Berry cobbler features a crisp top, soft bottom


June 14, 2000|By Ellen Hawks | Ellen Hawks,SUN STAFF

Vivian M. Schimbery of Baltimore requested a Blackberry Cobbler recipe, which she said appeared in a Time-Life series of cookbooks. She said the recipe called for putting washed berries in a casserole dish and covering them with a batter.

"It baked up rather caky with the sweet berries at the bottom," she wrote.

"I lost my copy and can no longer find that series of cookbooks in the library."

An unsigned response was the choice of tester Laura Reiley. It included a note that the recipe is also good with fresh peaches and blueberries.

Blackberry Cobbler

Serves 6-8

2 1/2 to 3 cups blackberries

2 tablespoons flour

1/2 cup sugar

1/4 cup butter or margarine

3/4 cup sugar

1 egg

1/2 cup milk

2 scant cups flour

1 3/4 teaspoons baking powder

1/4 teaspoon salt

2 tablespoons sugar, for topping cinnamon, for topping

Mix berries with 2 tablespoons flour and 1/2 cup sugar. Toss gently and place in bottom of 8 1/2 -inch baking dish. Set aside. In a medium mixing bowl, cream butter and sugar. Add egg. Mix in milk and flour, baking powder and salt. Spoon mixture over top of berries. Combine 2 tablespoons sugar and a little cinnamon, to taste, and sprinkle over the top. Bake 40 to 45 minutes in preheated 375-degree oven.

Serve warm with whipped cream or ice cream.

Tester Reiley's comments: "It's a real old-timey cobbler, with dark, oozing berries underneath a caky layer. The top is crisp, flavored with cinnamon sugar, and the bottom is soft with berry juice. It is best when eaten warm, and it reheats nicely in the oven. The dough is thick and difficult to spread without breaking the blackberries, so work carefully."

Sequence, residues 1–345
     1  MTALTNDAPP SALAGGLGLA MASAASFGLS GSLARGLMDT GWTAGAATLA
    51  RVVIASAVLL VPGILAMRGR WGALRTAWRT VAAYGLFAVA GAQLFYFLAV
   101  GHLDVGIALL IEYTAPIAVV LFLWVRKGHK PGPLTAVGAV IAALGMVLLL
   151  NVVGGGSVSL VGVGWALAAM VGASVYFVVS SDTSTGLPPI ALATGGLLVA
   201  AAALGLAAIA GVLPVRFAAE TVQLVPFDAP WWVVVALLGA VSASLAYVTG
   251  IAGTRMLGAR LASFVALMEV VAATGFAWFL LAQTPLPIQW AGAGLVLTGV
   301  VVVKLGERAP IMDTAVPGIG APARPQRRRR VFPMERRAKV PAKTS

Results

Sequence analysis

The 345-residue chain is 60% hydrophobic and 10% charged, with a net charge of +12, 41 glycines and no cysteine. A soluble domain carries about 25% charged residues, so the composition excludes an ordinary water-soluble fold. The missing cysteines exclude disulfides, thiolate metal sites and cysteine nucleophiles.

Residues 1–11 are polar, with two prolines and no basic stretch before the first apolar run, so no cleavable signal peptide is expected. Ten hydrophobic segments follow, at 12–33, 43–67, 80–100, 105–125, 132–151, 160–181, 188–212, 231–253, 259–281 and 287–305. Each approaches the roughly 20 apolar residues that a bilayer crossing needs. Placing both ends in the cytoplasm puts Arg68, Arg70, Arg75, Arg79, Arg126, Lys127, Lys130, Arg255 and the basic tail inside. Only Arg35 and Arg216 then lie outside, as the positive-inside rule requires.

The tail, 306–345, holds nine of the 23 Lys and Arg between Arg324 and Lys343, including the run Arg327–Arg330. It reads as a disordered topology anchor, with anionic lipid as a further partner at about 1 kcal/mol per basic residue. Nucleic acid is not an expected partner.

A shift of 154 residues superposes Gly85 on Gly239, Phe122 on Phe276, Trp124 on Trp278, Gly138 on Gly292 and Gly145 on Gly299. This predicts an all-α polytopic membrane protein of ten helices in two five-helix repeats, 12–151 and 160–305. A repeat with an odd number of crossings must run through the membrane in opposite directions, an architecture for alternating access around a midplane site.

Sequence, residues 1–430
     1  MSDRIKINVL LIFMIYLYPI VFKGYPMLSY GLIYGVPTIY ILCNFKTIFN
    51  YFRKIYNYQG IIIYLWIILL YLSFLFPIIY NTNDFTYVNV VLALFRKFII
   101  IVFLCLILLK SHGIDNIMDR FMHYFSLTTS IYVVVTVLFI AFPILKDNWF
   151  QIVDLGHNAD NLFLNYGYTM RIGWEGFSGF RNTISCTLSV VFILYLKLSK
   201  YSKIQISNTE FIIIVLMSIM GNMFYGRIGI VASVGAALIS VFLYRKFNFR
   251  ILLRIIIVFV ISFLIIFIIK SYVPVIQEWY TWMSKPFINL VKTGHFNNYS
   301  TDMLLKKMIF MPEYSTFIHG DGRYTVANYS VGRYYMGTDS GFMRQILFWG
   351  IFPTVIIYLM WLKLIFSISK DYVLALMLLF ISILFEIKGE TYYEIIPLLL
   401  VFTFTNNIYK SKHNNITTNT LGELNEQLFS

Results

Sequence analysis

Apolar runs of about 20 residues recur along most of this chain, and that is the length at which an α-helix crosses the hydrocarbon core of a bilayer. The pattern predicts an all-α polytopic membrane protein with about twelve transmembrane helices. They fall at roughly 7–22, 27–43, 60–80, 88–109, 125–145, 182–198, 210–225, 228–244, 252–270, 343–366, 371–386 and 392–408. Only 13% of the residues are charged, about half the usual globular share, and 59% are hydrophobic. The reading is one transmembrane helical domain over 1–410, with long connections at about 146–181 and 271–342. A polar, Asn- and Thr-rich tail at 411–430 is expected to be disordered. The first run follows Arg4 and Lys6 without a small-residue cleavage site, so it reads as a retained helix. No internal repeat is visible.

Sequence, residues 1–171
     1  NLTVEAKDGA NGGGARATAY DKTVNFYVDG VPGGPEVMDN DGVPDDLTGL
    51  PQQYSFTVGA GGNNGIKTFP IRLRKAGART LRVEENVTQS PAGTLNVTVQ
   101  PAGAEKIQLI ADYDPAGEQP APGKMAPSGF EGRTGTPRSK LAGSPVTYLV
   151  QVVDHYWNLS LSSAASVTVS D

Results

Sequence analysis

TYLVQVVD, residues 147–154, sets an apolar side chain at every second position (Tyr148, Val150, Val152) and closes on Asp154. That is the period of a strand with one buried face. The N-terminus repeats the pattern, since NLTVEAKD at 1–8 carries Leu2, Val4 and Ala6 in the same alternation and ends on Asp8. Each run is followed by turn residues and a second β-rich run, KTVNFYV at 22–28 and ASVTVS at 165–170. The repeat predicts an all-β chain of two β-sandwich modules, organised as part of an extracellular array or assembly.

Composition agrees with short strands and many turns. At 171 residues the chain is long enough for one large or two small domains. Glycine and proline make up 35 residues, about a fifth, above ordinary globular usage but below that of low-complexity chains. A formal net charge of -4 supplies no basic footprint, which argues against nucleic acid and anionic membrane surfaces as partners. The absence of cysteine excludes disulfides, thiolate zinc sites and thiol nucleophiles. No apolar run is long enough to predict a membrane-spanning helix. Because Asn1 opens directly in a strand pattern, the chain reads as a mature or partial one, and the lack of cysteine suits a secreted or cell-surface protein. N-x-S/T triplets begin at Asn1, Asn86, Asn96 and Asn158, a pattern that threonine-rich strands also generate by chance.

Recipe requests

James McSherry of Frederick wrote that "some years ago, my wife and son and I attended the World's Fair in Vancouver and while there enjoyed a salmon sandwich made with bannock bread. Not only was the fish delightful, but the bread was supreme. I've searched numerous books and found a recipe, but the result I got, following the formula carefully, was not up to the memory of the bread in Vancouver. If you could find an authentic recipe, I'd be much obliged."

Mildred McGuigan of Murrysville, Pa., writes that she would appreciate a recipe "for old-fashioned, rolled-out oatmeal cookies," which she had when growing up. "I remember they contained brown sugar, eggs, shortening and dry ingredients. The dough was chilled, then rolled out using a biscuit cutter to cut them. They were very, very crisp."

If you are looking for a recipe or can answer a request for a hard-to-find recipe, write to Ellen Hawks, Recipe Finder, The Sun, 501 N. Calvert St., Baltimore, Md. 21278. If you send in more than one recipe, please put each on a separate sheet of paper with your name, address and daytime phone number. Important: Please list the ingredients in order of use, and note the number of servings each recipe makes. Please type or print contributions. Letters may be edited for clarity.

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